"It is unusual for the government to be defeated so many times on what has until now been seen largely as a non-controversial piece of legislation."
The Government was defeated four times in the House of Lords last night in votes on the Pension Schemes Bill.
Two of the defeats were on the provisions for a pensions dashboard, one was on the new style ‘collective’ defined contribution (CDC) pensions, and one was on the framework for regulating the remaining open Defined Benefit schemes.
- That pension dashboards should not be ‘transactional’ – that is, it should not be possible to transfer or consolidate funds via the dashboard;
- That commercial dashboards could not be up and running until a publicly provided/not-for-profit dashboard had been running for a year;
- That trustees of CDC schemes would have to report on the ‘fairness’ of the scheme to all members;
- That a separate regulatory approach be taken to ‘open’ DB schemes, including not acting in a way that would accelerate their closure.
When the House of Lords completes its consideration of the Bill it will then be sent to MPs in the House of Commons who will consider the Bill line-by-line.
For each defeat, the Government can accept the amendments in full, offer an alternative amendment which would seek to address some of the issues of concern, or reject the amendments and send the Bill back to the Lords unamended.
Because the government has a majority of 80 in the House of Commons, it is likely to win most votes in the Commons, so may be tempted to reject all amendments at this stage. Peers would then have to decide whether to vote against the government a second time, or to give some ground on some of the issues.
Steve Webb, former pensions minister and partner at LCP, said: “It is unusual for the government to be defeated so many times on what has until now been seen largely as a non-controversial piece of legislation. This suggested that they have misjudged the mood on some of these issues and have failed to listen.
"The government now needs to address the concerns raised by members of the House of Lords so that this important legislation can progress. In particular, it needs to make sure that the new funding regime proposed for open Defined Benefit schemes does not have the effect of driving them to close. It also needs to make sure that the Pension Dashboard is set up in a way that protects the interests of consumers and makes sure they are not at risk of scams.”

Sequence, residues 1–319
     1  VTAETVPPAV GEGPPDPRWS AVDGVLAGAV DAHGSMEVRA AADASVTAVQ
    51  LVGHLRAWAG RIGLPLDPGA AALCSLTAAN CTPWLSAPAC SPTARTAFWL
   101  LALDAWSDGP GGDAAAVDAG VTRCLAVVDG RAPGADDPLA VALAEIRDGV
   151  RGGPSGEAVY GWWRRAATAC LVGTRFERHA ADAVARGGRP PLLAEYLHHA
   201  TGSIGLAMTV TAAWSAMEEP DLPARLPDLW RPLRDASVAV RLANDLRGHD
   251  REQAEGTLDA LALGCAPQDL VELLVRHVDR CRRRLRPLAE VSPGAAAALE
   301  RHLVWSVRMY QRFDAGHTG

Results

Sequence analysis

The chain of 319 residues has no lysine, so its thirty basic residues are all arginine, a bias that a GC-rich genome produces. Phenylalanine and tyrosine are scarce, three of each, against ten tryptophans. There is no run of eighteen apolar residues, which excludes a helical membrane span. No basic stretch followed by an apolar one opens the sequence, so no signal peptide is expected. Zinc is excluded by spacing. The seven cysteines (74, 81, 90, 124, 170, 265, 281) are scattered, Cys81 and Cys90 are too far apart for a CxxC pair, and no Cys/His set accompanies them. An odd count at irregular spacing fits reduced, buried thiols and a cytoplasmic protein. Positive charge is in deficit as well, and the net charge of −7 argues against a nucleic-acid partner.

Kate Smith, head of pensions at Aegon, commented: “The purpose of pension dashboards is to let savers see all their pensions online in one place. This will be a valuable way of savers keeping track of their pensions. But once they have found their pensions, savers may wish to start consolidating these into modern schemes which tend to have not only lower charges, but also better engagement tools to help them plan for retirement.
“Pension scams are on the rise, and this is a risk well-recognised within the pensions industry, which is why we’ve called for regulations to protect savers using pension dashboards. All dashboards must be regulated and meet high standards to protect members from scammers. This should include having the ability to stop transfers when suspicious activity is triggered by warning systems.
“We want pension dashboards to be successful in terms of encouraging members to sign up and use them so they can find out how much they’ve saved in a pension and what more they need to do.
“Pension savers are more likely to use a pension dashboard with their current pension provider, as they have an existing relationship with them and an established level of trust. The dashboard can also be incorporated into the overall customer experience to form a core part of a customer’s savings journey. This can be complemented by online planning and support tools from their provider which is likely to help with improving pension engagement levels. The sooner pension dashboards are up and running, the better.”